Keanu Reeves, Facebook & More Controversial Thoughts On Health
The Facebook Debacle
This week I was rather gullible.
Idly scrolling through my Facebook feed, I stumbled across a post written by someone, for whom I’m afraid to say, I have rather a weak spot. Without thinking about it my finger went straight to the “like” icon to join the 17,000 other people who were behind their screens also nodding their heads in silent agreement.
Here’s what I read:
Keanu Reeves is one of my heroes. As a teenager, his face was plastered all over my bedroom wall, and I’m more than a little embarrassed to admit that I once wrote a letter to Empire Magazine to ask if they would pass on my details and send me a signed photo.
He’s cool, funny, and utterly gorgeous, but there’s another reason why I hold him in such high esteem. Keanu Reeves has faced immense tragedy in his life, and from someone who is no stranger to loss, I have huge respect for the way in which he has dealt with this.
Now I usually cheer whatever Keanu has to say, but on this occasion I must admit to feeling rather peeved. On the face of it, the post is upbeat and has a positive message to spread: Live life to the full, stop worrying about the stuff that doesn’t matter and make the most of every minute. But it was the underlying subtext that got me in a bit of a lather.
No one gets out of here alive
Here’s my gripe:
I’m fed up of hearing people spout off about how it’s a waste of time to worry about your health, because try as we may, the grim reaper is going to get us all in the end.
In my work as a naturopath I’m frequently drawn into conversations in which I find people parroting these unfounded memes:
- Uncle Bob/ Aunt Fanny lived to a ripe old age and ate and drank whatever they wanted. Why should I worry about healthy eating?
- Life’s too short – we need to stop the fear-mongering and just get on with it.
- If you’re going to get diabetes / cancer / A.N.Other disease it will happen anyway. There’s nothing you can do about it.
Most of the time I try to bite my lip and be polite but this time (and because of the sheer number of likes this post got) I felt I just had to step up and say something. The whole thing seemed wrong on so many levels that I wanted the opportunity to share my take on it.
First off the bat, the post gives the impression that eating a healthy diet is inherently boring and to choose nutritious alternatives over manufactured crap is missing out on the fun.
This of course is utter dross.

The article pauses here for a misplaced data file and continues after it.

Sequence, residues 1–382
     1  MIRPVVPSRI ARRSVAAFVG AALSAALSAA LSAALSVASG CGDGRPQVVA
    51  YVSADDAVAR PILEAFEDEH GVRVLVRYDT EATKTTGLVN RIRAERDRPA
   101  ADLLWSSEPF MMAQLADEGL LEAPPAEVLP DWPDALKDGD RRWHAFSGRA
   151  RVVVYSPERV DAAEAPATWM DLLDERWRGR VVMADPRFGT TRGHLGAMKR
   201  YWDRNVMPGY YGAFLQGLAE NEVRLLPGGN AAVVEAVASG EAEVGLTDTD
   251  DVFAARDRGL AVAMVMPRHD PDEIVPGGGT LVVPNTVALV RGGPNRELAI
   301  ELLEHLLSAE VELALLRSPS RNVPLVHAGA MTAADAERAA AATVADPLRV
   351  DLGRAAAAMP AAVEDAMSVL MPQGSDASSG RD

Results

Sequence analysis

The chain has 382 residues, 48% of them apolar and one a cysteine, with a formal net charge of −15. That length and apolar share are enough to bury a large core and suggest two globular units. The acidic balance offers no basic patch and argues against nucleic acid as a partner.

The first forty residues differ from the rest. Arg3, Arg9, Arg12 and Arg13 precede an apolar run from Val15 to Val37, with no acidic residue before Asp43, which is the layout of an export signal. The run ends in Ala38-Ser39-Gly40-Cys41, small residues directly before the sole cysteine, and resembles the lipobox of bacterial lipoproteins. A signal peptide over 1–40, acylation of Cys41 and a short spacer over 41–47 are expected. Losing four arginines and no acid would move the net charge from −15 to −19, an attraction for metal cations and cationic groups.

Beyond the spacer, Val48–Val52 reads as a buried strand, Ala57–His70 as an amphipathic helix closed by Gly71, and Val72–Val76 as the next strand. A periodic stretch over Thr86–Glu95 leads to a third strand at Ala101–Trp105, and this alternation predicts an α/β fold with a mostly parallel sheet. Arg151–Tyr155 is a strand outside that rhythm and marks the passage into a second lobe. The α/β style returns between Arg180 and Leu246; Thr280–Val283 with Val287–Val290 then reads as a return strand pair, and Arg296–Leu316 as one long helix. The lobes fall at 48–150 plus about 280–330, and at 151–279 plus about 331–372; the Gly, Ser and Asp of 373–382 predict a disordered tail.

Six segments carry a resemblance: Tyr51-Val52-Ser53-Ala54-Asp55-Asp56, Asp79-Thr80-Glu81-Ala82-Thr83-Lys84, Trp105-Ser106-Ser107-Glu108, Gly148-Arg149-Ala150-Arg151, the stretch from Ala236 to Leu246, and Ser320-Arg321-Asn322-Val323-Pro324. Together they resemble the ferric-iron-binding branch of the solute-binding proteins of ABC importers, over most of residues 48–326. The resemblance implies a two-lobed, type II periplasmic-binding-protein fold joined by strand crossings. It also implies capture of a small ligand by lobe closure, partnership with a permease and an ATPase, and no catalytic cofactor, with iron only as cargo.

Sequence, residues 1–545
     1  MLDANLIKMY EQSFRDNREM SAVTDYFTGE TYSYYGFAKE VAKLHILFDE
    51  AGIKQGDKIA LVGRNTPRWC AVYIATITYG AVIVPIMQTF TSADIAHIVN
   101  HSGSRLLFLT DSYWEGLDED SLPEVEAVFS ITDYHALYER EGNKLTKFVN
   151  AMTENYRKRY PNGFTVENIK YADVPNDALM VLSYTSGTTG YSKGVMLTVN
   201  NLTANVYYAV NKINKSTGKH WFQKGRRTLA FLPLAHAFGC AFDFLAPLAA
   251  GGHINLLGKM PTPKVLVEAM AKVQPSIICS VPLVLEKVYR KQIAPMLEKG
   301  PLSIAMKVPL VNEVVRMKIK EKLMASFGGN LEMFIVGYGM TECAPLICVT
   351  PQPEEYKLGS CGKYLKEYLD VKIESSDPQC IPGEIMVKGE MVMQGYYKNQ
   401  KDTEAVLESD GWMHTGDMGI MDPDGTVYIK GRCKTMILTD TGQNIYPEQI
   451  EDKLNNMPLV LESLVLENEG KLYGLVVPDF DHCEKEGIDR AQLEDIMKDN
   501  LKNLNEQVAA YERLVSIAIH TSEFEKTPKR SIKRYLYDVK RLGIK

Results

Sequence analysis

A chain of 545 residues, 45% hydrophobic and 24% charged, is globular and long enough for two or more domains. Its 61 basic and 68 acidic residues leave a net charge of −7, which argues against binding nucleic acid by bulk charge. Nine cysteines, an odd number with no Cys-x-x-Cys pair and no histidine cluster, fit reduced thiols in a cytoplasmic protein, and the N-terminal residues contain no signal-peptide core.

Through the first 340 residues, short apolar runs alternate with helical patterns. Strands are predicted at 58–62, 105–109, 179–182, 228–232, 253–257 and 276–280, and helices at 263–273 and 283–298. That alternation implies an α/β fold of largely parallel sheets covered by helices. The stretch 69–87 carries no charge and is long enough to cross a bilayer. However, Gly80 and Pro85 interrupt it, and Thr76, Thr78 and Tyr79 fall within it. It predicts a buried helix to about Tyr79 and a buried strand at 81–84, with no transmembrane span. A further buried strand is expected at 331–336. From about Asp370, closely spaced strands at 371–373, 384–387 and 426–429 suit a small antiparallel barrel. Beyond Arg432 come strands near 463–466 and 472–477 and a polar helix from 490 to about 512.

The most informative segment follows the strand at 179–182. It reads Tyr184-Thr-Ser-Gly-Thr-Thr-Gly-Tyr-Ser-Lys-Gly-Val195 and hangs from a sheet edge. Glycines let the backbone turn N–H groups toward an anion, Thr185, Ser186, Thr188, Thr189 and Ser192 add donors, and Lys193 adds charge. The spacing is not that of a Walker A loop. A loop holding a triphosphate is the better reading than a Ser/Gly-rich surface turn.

I defy anyone to spend more than 2 minutes on Pinterest or Instagram before stumbling across a photo of delicious home cooked food or any number of mouth-watering, nutrient dense dishes. The sheer volume of cookery books in the health food section of the book store is testament to the fact that people love to cook and eat healthy food. I’d also like to add that foraging for your own foods and learning how to prepare them is a great deal of fun and not in the least bit boring.
Not everyone is a junk food addict or booze fuelled party animal. As the late Robin Williams beautifully put it “If you need booze or drugs to enjoy your life to the fullest – then you’re doing it wrong”. I’ve said it before and I’ll say it again: being healthy does not equal a dull and joyless existence. Nor does it mean staying in your front room detoxing.
The second thing that many people fail to realise is that the nature of our food is changing. We no longer live in the same kind of environment that our parents and grandparents enjoyed when they were growing up. Our supermarket shelves are full of convenience foods laden with additives, sugar, GMO’s pesticides, antibiotics and hormones, the effect of which is only just becoming apparent.
This shocking statistic is mostly attributed to what these children eat. To send out the message that it doesn’t matter what you eat is totally irresponsible. People who purport this view are doing a huge disservice to these children, who have a life of poor self-image, hospital visits and possibly even an early death to look forward to should they heed this advice. Jamie Oliver did not go on his lauded campaign for nothing.
Thirdly, I’m absolutely certain that the millions of people around the globe who do not currently enjoy the luxury of good health would agree that having heart disease, cancer or diabetes is far from fun (and by the way not one of these diseases is caused by consuming a healthy diet.)